Booster shot increases potency, scale and duration of protection against novel coronavirus: Sinovac
Published: Sep 06, 2021 02:59 AM
Photo: courtesy of Sinovac

Photo: Courtesy of Sinovac

A third dose of Sinovac's inactivated vaccine increases the potency, scale, and duration of anamnestic responses against SARS-CoV-2, according to the latest lab study data published on Saturday in a pre-print paper on medRvix .

Also, a full course immunization with Sinovac's inactivated vaccines could effectively protect against severe illness caused by the Delta variant, according to research results of the real-world study on patients infected with the Delta variant in the recent outbreak in East China's Jiangsu Province.

Administration of a third dose of an inactivated virus vaccine can boost the immune response and raise a better neutralization breadth and long-lasting humoral response in warding off COVID-19, the data suggest after researchers analyzed 171 complex structures of SARS-CoV-2 neutralizing antibodies.

Current research shows that the effectiveness of the vaccines has started to decline as months pass after vaccination due to fading immunity, the paper said. "Our results demonstrate that a third dose booster of inactivated vaccine can elicit an expeditious, robust and long-lasting recall humoral response which continues to evolve with ongoing accumulation of somatic mutations, emergence of new clones and increasing affinities of antibodies to antigens, conferring enhanced neutralizing potency and breadth."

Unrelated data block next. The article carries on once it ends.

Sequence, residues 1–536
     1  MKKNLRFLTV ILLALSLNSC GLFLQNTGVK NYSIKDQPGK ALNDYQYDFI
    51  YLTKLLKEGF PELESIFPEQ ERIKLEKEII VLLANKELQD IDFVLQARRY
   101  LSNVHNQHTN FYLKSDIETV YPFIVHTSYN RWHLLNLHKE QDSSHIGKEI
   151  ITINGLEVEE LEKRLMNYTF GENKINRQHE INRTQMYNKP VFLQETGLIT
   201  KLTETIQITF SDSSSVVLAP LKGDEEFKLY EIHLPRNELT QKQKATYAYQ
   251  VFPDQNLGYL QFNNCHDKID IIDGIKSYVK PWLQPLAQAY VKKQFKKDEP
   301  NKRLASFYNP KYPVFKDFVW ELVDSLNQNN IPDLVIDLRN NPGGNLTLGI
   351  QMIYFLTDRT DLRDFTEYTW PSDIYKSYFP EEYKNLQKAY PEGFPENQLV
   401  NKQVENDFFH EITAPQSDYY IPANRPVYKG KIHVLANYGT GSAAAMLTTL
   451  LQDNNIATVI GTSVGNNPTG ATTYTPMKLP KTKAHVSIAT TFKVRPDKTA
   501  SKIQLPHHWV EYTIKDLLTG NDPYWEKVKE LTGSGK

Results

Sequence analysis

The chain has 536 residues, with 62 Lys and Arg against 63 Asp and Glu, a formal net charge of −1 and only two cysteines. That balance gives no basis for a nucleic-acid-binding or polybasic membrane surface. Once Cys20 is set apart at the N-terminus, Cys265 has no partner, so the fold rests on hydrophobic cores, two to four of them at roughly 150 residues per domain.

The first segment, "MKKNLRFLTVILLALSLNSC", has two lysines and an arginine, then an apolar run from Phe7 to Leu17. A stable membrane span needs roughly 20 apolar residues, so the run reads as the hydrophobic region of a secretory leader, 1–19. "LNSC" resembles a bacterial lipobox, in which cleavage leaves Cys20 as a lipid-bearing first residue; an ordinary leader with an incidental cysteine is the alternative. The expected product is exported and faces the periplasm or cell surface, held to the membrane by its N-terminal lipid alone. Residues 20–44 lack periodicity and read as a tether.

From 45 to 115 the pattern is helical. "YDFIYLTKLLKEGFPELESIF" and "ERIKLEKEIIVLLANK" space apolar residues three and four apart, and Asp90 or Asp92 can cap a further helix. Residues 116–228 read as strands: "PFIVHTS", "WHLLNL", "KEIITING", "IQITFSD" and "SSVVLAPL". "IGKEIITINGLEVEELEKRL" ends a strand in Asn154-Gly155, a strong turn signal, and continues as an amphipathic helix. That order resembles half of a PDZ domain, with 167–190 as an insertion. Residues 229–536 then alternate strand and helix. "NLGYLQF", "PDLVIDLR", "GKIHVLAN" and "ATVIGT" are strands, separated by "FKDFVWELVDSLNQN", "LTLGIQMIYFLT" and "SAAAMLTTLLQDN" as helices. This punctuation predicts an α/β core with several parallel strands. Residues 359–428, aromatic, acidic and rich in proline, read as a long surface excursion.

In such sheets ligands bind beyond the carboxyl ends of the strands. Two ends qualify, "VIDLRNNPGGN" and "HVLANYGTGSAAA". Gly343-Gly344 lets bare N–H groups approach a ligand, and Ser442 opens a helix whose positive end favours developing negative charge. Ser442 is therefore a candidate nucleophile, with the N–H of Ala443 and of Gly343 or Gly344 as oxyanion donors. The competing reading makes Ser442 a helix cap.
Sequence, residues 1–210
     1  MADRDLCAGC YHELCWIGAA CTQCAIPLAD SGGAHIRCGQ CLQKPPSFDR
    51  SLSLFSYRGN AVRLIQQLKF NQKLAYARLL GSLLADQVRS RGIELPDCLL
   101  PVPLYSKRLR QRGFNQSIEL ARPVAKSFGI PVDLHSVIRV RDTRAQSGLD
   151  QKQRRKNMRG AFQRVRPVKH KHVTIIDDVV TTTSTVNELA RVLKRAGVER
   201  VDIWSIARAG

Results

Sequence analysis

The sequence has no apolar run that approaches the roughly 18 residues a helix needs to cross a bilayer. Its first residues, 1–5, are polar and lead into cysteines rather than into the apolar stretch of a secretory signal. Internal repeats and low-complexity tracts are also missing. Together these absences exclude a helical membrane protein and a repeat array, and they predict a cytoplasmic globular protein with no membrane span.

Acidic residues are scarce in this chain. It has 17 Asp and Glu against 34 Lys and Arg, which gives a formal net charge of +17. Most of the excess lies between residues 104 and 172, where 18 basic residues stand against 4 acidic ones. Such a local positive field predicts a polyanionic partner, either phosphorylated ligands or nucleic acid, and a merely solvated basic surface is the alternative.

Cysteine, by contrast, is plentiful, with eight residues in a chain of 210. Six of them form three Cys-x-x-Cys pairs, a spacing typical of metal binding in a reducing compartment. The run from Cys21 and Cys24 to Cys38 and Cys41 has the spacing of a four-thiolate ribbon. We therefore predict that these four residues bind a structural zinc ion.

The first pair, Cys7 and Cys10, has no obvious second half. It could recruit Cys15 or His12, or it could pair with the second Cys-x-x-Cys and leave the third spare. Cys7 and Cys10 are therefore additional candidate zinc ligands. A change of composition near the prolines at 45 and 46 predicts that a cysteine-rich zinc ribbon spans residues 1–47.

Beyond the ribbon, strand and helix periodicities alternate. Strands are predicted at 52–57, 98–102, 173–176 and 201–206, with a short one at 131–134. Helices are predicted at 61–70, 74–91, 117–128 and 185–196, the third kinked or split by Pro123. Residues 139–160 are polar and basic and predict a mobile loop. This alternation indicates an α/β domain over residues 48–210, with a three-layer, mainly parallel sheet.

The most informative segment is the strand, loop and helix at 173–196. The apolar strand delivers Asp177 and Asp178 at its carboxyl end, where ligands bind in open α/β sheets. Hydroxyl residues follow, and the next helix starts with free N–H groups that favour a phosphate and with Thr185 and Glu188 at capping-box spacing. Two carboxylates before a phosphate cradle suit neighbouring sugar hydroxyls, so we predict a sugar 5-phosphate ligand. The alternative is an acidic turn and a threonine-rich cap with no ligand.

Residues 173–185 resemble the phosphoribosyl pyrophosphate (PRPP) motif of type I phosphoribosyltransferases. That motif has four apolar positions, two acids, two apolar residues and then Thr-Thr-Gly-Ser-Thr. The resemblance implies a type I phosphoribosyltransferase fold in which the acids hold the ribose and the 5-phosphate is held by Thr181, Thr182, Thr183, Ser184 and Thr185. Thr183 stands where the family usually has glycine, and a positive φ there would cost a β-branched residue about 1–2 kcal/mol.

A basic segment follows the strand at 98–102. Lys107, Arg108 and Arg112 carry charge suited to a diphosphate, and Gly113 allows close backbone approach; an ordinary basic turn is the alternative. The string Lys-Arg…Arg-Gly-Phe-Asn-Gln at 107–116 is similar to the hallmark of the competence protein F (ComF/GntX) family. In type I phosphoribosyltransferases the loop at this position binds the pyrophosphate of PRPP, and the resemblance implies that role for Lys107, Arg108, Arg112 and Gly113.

Collectively, the findings rationalize the use of three-dose vaccination regimens, the paper noted.

Furthermore, another paper also published on medRvix suggests that the risk of progression to severe illness had substantially decreased in fully vaccinated patients infected with the Delta variant. 

The Delta variant, which was first identified in India, is more transmittable than other lineages of SARS-CoV-2 and now is becoming the major strain causing the COVID-19 pandemic.

This is the largest real-world study confirming the effectiveness of inactive COVID-19 vaccines against severe illness in patients infected with the Delta variant in Jiangsu, China, according to the paper published on Thursday.

Underlying comorbidities and old age are risk factors for severe illness in SARS-CoV-2 infected patients. However, it was found that severe illness did not occur in fully vaccinated patients without underlying medical conditions, showing a 100 percent protection.

Both of the two fully vaccinated patients who developed severe illness had underlying diseases. And 100-percent protection was also found in elderly patients that had been fully vaccinated, the paper said.

"The protective effect is affected by underlying medical conditions. Partial vaccination does not offer clinically meaningful protection against severe illness. Our study highlights the importance of continuing efforts on a full course of vaccination," the research concluded.

Remarkably, severe illness was 100 percent prevented in fully vaccinated women , while fully vaccinated men had only 81 percent reduced risk. Whether sex disparities exist in COVID-19 vaccine efficacy needs to be further explored.